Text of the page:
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Proc Natl Acad Sci U S A. 1992 Jun 15;89(12):5625-9.

Specific oligosaccharide form of the Rhizobium meliloti exopolysaccharide promotes nodule invasion in alfalfa.

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Department of Microbiology, University of Washington, Seattle 98195.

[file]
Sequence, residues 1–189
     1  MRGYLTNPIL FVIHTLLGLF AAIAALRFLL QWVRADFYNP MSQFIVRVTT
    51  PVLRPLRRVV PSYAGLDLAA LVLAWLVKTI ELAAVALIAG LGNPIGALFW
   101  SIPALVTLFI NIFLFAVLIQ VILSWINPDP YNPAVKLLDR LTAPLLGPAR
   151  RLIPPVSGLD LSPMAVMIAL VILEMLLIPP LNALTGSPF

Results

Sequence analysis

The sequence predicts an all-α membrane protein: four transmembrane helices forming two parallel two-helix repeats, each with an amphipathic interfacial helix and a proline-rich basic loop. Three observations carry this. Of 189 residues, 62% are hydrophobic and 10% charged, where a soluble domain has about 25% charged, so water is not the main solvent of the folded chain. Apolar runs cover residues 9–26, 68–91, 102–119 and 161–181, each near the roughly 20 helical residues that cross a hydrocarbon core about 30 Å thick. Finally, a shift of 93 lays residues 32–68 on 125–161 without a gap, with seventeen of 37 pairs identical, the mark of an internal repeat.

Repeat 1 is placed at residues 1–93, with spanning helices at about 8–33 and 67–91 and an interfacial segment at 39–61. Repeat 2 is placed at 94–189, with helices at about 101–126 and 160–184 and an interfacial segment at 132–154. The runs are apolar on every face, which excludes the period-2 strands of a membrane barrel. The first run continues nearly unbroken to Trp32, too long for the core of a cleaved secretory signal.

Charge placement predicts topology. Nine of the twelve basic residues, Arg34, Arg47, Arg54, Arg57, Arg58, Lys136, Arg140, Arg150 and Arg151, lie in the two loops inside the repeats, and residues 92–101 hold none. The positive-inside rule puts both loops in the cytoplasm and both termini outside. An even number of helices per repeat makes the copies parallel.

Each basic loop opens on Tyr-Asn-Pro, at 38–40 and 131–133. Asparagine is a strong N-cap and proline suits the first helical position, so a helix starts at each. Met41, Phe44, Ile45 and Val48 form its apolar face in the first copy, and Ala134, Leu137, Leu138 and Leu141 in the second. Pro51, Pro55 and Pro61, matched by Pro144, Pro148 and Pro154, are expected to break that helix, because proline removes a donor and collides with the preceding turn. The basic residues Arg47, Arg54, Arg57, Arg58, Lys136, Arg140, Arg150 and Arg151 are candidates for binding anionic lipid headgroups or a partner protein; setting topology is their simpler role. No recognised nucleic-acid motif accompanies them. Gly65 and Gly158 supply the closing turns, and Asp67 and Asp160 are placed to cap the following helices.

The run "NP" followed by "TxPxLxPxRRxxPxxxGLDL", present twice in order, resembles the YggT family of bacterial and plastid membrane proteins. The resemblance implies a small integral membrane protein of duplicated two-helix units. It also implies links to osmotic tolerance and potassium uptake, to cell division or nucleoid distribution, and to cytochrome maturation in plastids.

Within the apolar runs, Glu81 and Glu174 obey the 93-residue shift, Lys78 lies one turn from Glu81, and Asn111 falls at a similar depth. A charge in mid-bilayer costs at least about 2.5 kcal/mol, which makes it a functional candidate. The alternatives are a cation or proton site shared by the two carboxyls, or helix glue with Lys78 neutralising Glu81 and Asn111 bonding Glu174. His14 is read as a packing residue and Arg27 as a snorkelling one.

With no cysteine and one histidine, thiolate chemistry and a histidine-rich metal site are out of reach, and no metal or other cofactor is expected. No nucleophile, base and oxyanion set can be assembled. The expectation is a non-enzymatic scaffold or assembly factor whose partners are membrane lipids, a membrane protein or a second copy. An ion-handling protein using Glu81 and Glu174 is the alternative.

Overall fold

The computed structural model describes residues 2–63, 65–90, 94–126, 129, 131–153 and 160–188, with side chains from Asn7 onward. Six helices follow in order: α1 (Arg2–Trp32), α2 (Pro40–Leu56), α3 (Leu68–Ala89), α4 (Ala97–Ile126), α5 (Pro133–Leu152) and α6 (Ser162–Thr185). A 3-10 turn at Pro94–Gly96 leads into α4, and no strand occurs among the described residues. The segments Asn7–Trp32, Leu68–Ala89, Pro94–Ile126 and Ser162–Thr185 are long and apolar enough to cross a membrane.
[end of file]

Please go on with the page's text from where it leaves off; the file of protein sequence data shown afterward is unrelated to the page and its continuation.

Rhizobium meliloti strain SU47 produces both high molecular weight (HMW) and low molecular weight (LMW) forms of an acidic exopolysaccharide, succinoglycan. Genetic studies have shown that succinoglycan is required for alfalfa root nodule invasion. We found that LMW succinoglycan, when applied exogenously to alfalfa roots, restored nodule invasion to exoA, exoB, exoF, and exoH mutants. Nodule initiation signals were not involved, since LMW succinoglycan from R. meliloti nodD1D2D3 and nodA mutants and from luteolin-induced wild-type cultures elicited effects similar to LMW succinoglycan from the uninduced wild-type strain. In contrast, LMW fractions from an exoA mutant, nonsuccinylated LMW succinoglycan, and HMW succinoglycan did not promote invasion, nor did LMW exopolysaccharides from R. leguminosarum bv. trifolii and Rhizobium sp. strain NGR234. LMW succinoglycan could be separated by anion-exchange chromatography into several distinct subfractions differing in repeating subunit multiplicities (monomer, trimer, and tetramer) and charge. When tested singly, only the most charged, tetrameric form was active. These results show that a specific oligosaccharide form of succinoglycan promotes nodule invasion in alfalfa. The implications for the mode of action of succinoglycan are discussed.

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